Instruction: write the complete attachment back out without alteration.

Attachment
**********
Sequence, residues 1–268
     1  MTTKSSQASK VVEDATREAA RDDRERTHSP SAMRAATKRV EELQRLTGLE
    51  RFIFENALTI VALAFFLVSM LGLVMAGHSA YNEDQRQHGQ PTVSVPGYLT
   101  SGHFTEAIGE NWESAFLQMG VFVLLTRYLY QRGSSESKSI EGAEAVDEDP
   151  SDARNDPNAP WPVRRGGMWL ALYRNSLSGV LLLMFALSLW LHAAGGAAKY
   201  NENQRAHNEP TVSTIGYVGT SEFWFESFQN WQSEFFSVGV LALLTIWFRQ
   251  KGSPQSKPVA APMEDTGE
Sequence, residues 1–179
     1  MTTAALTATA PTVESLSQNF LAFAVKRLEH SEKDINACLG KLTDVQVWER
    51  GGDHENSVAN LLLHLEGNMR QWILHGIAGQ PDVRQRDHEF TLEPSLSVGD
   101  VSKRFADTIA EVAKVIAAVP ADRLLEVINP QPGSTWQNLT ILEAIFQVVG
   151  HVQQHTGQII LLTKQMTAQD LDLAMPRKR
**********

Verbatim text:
Sequence, residues 1–268
     1  MTTKSSQASK VVEDATREAA RDDRERTHSP SAMRAATKRV EELQRLTGLE
    51  RFIFENALTI VALAFFLVSM LGLVMAGHSA YNEDQRQHGQ PTVSVPGYLT
   101  SGHFTEAIGE NWESAFLQMG VFVLLTRYLY QRGSSESKSI EGAEAVDEDP
   151  SDARNDPNAP WPVRRGGMWL ALYRNSLSGV LLLMFALSLW LHAAGGAAKY
   201  NENQRAHNEP TVSTIGYVGT SEFWFESFQN WQSEFFSVGV LALLTIWFRQ
   251  KGSPQSKPVA APMEDTGE
Sequence, residues 1–179
     1  MTTAALTATA PTVESLSQNF LAFAVKRLEH SEKDINACLG KLTDVQVWER
    51  GGDHENSVAN LLLHLEGNMR QWILHGIAGQ PDVRQRDHEF TLEPSLSVGD
   101  VSKRFADTIA EVAKVIAAVP ADRLLEVINP QPGSTWQNLT ILEAIFQVVG
   151  HVQQHTGQII LLTKQMTAQD LDLAMPRKR